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I'd like to get a list of available devices (their IP address or hostname should be fine) connected to my local network. I've got some examples in C#, but I couldn't find any sample using C/C++. I'm familiar with the BSD socket API, just to clarify.

I have a "stub" kind of idea: maybe I should determine the range of the IP addresses that the devices on my LAN can potentially belong to, and then determine if they e. g. respond to PING, or something like that. How could I achieve these?

I want my application to run on Linux and iOS. That's why I'd prefer BSD sockets, or at a maximum, Foundation/GNUstep (although they are written in Objective-C).

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What is your platform? C does not have any built-in networking support. – unwind Jan 29 '12 at 17:11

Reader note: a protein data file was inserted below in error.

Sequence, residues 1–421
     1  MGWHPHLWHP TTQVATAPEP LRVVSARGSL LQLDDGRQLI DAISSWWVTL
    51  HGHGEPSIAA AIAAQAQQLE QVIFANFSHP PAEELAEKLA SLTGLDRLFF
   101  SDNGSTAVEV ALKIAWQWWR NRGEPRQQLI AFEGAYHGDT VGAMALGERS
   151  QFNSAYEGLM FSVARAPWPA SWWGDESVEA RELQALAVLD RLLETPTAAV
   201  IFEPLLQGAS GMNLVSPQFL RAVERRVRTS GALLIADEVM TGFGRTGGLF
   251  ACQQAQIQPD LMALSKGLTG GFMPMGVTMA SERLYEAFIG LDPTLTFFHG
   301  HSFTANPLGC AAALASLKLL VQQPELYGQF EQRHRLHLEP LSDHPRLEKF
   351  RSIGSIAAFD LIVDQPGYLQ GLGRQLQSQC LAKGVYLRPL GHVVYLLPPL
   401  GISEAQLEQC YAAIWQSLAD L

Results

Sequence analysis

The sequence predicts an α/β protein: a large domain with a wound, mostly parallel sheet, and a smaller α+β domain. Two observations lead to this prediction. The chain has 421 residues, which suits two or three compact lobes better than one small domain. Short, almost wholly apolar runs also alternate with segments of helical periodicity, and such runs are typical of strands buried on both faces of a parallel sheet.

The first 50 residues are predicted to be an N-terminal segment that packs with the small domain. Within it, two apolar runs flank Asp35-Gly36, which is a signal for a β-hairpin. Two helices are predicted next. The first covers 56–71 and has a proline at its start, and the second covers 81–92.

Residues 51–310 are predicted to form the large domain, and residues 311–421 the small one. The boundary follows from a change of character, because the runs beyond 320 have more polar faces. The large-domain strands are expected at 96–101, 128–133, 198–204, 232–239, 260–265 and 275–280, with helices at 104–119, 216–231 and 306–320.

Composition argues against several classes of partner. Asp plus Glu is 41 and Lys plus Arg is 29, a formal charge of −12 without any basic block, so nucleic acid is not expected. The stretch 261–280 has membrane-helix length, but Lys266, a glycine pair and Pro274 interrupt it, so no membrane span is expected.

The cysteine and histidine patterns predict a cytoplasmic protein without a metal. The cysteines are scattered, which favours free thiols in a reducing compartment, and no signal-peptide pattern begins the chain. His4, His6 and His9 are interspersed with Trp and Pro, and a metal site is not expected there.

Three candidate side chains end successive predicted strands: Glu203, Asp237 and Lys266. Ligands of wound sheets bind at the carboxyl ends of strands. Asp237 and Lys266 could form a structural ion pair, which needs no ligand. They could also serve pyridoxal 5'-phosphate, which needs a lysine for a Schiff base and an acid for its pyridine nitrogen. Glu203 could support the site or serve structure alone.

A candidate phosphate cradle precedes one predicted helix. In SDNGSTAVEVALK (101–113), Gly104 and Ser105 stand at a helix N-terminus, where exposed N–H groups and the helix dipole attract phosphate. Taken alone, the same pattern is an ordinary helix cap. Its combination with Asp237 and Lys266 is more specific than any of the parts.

I'd start by asking the OS what it can see in its ARP cache and neighbour cache for IPv4 and IPv6 respectively. – Flexo Jan 29 '12 at 17:11
Linux and iOS - see edit. – user529758 Jan 29 '12 at 17:12
I think capturing a command line program's stdout is generally considered to be a wrong solution. But I'll look at its source code (however I'm not sure I'll understand it). – user529758 Jan 29 '12 at 17:20
Indeed, that's a very bad solution. – R.. Jan 29 '12 at 18:10
up vote 11 down vote accepted

You can also e.g. send an ICMP echo request packet to This is a special all-nodes multicast address every node should respond to (except if a firewall rule or network policy setting prevents it).

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Thanks, +1! but, I have searched it but found only Linux-specific sample code... could you please point me towards some more moltiplatform code example? – user529758 Jan 30 '12 at 13:40
Here's a simple example using libnet:… – ldx Jan 31 '12 at 9:52
Thanks, that's pretty cool. – user529758 Jan 31 '12 at 10:26
Great choice to use all-hosts multicast – Mike Pennington Feb 5 '12 at 13:21

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